A Moment Lost

The door of the neonatal intensive care unit closed behind me with a gentle swishing sound. Trying to be as quiet as possible, I followed a hospital volunteer into a stark white room in the isolation ward. A nurse, dressed in a cheerful floral smock was standing next to an oval crib checking Annemarie’s vital signs when I entered. When finished, she moved back a bit to allow for my approach.

I walked up to the crib on shaking legs, afraid of what I was about to see. My sister, Carol, had told me that Annemarie was in critical condition, and warned me about the respirator. As I looked down at my niece, my vision narrowed. The hospital room disappeared and the life support equipment faded into the background. Annemarie became the focal point. Lying on her back on a cooling pad wearing nothing but a diaper, she appeared to be sleeping. Her little eyes were closed, and her head was turned to the side. The only sound in the room came from the whooshing of the ventilator as it forced air into her lungs. I watched as her chest rose and fell in tandem with the machine.

I reached out and stroked her brown curls, marveling at their softness. “Hi honey,” I murmured into her ear. “It’s time to wake up now. Your mommy needs you.” Annemarie didn’t respond. She was unable to hear any longer in her present state of limbo somewhere between life and death.

The nurse finished checking her vital signs, and turned to me with a sad smile. “I’m so sorry. I hoped it would turn out differently.”

I realized the truth at that moment. Annemarie, sweet little trooper that she was, couldn’t fight her way back this time. “She’s not going to make it, is she?” I asked.

The nurse looked at me and slowly shook her head. Fighting the tears, I turned my attention back to my niece and gently stroked her fingers. It had only been a couple of weeks ago that I had watched her playing with her rattles. She would do so no longer for illness had forever stilled her chubby hands.

I remembered the morning of her birth. She was lying in a similar hospital room when I first saw her. Although her doctors recognized that she would eventually need several operations over the years to correct congenital abnormalities, they predicted a good outcome. Somehow I knew they were wrong. I was convinced of this when I saw one of the nurses draw her blood. Upon having her heel pricked, Annemarie cried out in protest. Her tiny face contorted and turned crimson with effort. She wailed with all her might at the unexpected intrusion, but her complaints were barely audible. I knew then that she wasn’t going to survive. She just didn’t have the strength.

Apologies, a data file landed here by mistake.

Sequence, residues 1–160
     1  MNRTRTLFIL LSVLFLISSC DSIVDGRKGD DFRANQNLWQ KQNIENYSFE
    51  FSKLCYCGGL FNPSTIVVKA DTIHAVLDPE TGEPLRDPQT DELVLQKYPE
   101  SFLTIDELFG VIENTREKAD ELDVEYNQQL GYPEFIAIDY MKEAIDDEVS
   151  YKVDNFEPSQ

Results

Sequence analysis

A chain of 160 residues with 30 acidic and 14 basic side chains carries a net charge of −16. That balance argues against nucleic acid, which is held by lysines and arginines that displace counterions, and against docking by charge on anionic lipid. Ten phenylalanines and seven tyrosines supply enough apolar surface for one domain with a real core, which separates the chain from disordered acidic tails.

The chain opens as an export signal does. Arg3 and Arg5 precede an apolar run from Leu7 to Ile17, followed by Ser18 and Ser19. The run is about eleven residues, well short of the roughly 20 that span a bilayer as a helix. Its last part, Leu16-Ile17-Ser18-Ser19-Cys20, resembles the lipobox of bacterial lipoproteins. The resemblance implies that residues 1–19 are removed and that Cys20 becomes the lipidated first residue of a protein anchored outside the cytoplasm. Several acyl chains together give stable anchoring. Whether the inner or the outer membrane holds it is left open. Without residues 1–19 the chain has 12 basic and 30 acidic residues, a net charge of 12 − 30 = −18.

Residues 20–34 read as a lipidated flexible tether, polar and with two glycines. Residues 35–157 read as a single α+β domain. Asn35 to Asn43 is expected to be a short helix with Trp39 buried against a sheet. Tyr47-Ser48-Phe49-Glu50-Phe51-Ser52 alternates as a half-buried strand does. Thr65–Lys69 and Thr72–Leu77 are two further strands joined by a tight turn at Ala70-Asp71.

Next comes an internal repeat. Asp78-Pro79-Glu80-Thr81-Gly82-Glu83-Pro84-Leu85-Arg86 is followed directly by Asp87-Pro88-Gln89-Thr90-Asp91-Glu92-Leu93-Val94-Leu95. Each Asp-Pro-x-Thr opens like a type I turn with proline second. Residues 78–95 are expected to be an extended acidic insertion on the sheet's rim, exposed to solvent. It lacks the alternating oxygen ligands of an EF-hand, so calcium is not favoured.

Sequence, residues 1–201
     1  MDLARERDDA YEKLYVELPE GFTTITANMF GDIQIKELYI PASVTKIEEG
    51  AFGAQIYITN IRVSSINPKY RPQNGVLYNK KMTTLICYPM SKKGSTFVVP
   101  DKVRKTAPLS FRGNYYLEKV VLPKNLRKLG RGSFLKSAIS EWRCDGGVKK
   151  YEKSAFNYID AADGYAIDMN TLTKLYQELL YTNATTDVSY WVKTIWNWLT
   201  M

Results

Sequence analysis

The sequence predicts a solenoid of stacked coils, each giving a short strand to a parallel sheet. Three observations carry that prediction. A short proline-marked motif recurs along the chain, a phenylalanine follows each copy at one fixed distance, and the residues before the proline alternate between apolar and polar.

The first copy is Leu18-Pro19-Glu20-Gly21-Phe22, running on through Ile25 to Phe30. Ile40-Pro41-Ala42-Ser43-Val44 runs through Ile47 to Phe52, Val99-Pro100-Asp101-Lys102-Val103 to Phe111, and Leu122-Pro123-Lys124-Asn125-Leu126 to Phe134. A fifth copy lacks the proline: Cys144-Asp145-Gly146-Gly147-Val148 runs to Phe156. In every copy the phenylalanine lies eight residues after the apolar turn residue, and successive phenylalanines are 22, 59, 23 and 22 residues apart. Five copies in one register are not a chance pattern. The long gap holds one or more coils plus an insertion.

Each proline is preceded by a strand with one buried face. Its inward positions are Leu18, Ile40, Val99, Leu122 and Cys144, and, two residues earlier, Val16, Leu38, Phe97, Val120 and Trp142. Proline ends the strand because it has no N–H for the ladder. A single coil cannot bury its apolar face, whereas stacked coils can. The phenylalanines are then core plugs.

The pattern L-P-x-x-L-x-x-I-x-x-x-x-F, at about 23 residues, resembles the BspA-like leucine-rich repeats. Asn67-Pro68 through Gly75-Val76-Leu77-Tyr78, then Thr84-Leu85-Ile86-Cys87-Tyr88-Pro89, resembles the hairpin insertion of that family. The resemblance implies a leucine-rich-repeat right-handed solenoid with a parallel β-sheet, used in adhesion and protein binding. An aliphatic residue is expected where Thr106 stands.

Unable to bear becoming attached to this precious baby only to lose her in the end, I made excuses to stay away, convincing myself and everyone else that I just didn’t have time to visit. In the seven months of her life, I had only seen my niece on four occasions. My previous visit had been joyful, for she had finally been released from the hospital and was allowed to go home for the very first time. Despite the IV line and feeding tubes that connected her little body to various machines, she laughed, played and was happy. I realized I would never see her this way again.

“I’m sorry,” the nurse said softly, interrupting my reverie. “You’re time’s up. Visitors are only allowed in the intensive care unit for fifteen minutes at a time.” I kissed Annemarie one last time on the forehead and quietly left the room.

A Moment Lost


Seattle, United States

  • Artist

Artist's Description

The last moments I shared with my niece before she passed away.



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